BY PATRICIA BIANCA S. TACULAO
There is a negative view of farming in the Philippines. Many consider it unprofitable and often advise the youth to pursue a career far from the field. It’s this idea that drove the younger generations from fully appreciating the industry.
Recent reports said that the average age of farmers in the country is 53. If this average holds, there will be a critical shortage of farmers in 12 years or so. But hope isn’t all lost as some of the younger generations have taken an interest in agriculture.
Jayryl Enano, Jomar A. Fortes, and James F. Fresnillo are three examples of the youth who took up farming in hopes of reinvigorating the industry.
“Ever since, the three of us have been very passionate about agriculture. Agriculture is part of our lives, we grew up in a family where farming is our primary source of income. During this journey, we learned how agriculture works from basic to scientific and technological knowledge,” they said.
Fresnillo, Fortes, and Enano all took up agricultural courses in college and later pursued careers as farmers.
Together, they established a natural, integrated farm called Parauma, derived from a local term that means farmer. They started Parauma as a way to empower and support farmers, promote farming, and enlighten their fellow youth about agriculture.
“Parauma was inspired by the noble works of our farmers. We want to show to all that farming is an enjoyable profession while making money from it. In addition, we dedicated our project to all farmers who are feeding our community untiringly,” they said.
Before Parauma was created, the trio was already engaged in farming and knew each other since they’re members of the same youth organization. It wasn’t until they decided to join a competition that they began collaborating due to having the same advocacy and vision for the youth and agriculture.
“It all started when we won the competition ‘Search for Outstanding Kabataang Agribiz Business Model Canvas’ at the provincial level, a program by the Department of Agriculture for the youth,” they said.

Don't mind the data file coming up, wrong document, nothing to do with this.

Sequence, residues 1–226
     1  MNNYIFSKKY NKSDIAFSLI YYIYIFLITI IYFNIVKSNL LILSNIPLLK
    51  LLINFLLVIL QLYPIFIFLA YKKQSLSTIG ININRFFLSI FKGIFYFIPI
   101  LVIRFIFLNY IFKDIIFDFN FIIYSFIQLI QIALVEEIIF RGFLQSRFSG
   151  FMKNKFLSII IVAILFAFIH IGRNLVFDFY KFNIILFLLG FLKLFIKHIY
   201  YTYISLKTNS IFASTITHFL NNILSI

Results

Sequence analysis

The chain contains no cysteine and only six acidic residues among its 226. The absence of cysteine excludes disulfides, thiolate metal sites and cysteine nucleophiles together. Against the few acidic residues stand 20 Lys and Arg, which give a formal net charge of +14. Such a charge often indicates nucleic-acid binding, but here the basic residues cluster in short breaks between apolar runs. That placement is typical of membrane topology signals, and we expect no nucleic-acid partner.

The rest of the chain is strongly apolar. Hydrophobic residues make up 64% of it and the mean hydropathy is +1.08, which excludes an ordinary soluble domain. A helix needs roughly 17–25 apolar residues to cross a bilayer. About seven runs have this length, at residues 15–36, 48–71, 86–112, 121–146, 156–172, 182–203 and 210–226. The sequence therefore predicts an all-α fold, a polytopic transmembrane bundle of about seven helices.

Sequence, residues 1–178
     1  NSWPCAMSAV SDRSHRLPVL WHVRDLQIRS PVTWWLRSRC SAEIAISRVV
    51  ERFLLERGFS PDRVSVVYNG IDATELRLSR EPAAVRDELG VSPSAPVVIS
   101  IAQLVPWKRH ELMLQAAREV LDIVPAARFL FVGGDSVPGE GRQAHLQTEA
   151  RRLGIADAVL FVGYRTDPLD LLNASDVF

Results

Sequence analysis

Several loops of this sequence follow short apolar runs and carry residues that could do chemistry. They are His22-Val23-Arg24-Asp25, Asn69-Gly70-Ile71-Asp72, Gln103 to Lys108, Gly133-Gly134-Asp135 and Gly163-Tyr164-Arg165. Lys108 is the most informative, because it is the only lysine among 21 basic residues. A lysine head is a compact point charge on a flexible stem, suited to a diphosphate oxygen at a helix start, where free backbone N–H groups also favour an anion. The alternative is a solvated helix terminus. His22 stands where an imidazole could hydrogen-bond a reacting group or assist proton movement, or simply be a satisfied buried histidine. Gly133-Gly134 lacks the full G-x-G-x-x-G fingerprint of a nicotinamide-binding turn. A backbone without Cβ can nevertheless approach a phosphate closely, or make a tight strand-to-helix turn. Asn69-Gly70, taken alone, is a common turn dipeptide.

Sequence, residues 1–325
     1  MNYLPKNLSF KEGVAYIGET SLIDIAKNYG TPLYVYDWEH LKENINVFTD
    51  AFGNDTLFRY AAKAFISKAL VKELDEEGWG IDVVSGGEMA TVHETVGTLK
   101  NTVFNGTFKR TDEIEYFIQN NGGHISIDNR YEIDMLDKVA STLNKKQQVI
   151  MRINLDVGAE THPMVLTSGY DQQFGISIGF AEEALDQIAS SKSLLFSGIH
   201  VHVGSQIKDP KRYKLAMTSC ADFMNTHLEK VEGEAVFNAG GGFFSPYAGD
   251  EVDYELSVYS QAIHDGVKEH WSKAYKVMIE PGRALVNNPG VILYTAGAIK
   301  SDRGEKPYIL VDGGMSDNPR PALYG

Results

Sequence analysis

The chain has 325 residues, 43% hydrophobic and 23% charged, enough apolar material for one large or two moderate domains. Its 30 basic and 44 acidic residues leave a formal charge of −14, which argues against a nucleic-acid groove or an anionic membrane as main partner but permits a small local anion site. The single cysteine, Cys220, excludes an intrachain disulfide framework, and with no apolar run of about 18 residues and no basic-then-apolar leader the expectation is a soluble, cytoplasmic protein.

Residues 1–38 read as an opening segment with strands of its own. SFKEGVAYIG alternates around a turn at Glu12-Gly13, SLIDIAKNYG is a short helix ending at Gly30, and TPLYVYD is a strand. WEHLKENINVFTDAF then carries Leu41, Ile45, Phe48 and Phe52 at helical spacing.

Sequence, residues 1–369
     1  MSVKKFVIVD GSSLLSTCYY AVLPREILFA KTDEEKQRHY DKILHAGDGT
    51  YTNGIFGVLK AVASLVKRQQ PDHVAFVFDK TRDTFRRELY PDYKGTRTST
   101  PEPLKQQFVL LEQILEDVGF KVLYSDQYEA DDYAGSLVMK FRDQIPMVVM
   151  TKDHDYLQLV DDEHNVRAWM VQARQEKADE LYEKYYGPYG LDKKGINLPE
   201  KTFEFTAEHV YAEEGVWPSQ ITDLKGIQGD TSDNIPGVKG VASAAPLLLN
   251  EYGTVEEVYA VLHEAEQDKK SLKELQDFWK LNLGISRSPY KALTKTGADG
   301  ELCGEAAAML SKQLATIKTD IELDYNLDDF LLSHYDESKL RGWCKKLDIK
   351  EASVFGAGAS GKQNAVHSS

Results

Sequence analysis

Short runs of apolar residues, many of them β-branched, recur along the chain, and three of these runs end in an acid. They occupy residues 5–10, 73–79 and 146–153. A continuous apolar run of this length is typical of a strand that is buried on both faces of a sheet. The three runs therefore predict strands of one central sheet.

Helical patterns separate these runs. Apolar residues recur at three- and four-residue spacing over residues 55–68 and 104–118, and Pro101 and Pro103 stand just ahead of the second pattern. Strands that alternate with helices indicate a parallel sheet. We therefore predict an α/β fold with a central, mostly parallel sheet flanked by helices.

They implemented their project last August 2021 when Parauma started. The farm is still in development as the three are creating technology that they hope would someday help farmers.
Practicing natural, integrated farming
As an integrated natural farm, Parauma grows high-value crops such as papaya, lettuce, and herbs while also raising rabbits, quails, and free-range chickens. They also create a natural fertilizer for their crops such as vermicast from African nightcrawlers, concoctions, and extracts from their farm’s waste.
“We practice integrated natural farming to use all the available resources at the farm without harming the environment because we believe that farming is a cycle, everything on the farm benefits each other,” they said.
Since Parauma has only been recently established, the most prolific crop on the farm at present is herb seedlings. The trio planted herbs in a seedling bag or pot before selling. Within two to three weeks, after the herbs are established, they deliver them to their designated partners or sell them in a public market.
The three young farmers maintain the quality of their herb seedlings by keeping them in greenhouses and monitoring them regularly. They produce almost 100 seedlings of herbs in a week but for now, they’re looking for a stable market for their product.
“In livestock production, for now, the highest-earning is quail production. We harvest quail eggs almost every day. Our target market is final consumers to maximize our profit since we are beginners in this venture,” the trio said.
Educating their visitors and enticing the youth
Aside from growing crops and raising livestock, Parauma Integrated Natural Farm also offers farm visits and educational tours to inspire more people, especially the youth. Since the three have experience and knowledge of farming, they’re also open to consultation and invitations to become guest speakers.
They educate visitors by sharing their knowledge, ideas, and experiences about farming to help others maximize the land at their disposal or establish an agricultural enterprise in the future.
“We, as young farmers and advocates of agriculture, encourage the younger generation by educating them first to break the stigma that farming is a lowly profession. We instill in the minds of the younger generation that as the future successors of our aging farmers, they play an important role in the country’s food system. We tell them that there is a better future in farming and agriculture in general,” the three friends said.
Enano, Fresnillo, and Fortes also discuss the different opportunities and profits that they gain from farming to disprove the idea that farming is a poor man’s job.
Despite their age, the trio doesn’t let this stop them from carrying out their mission of revitalizing the Philippine agriculture industry by enticing their fellow youth to go into farming.
It’s just as our national hero, Dr. Jose Rizal said, “Ang kabataan ang pag-asa ng bayan.” (The youth are our nation’s hope.) Equipping them with the right knowledge and perspective about farming may spell hope for Philippine agriculture in the future.
For more information, visit Parauma Integrated Natural Farm on Facebook.
Photos courtesy of Jayryl Enano, Jomar A. Fortes, and James F. Fresnillo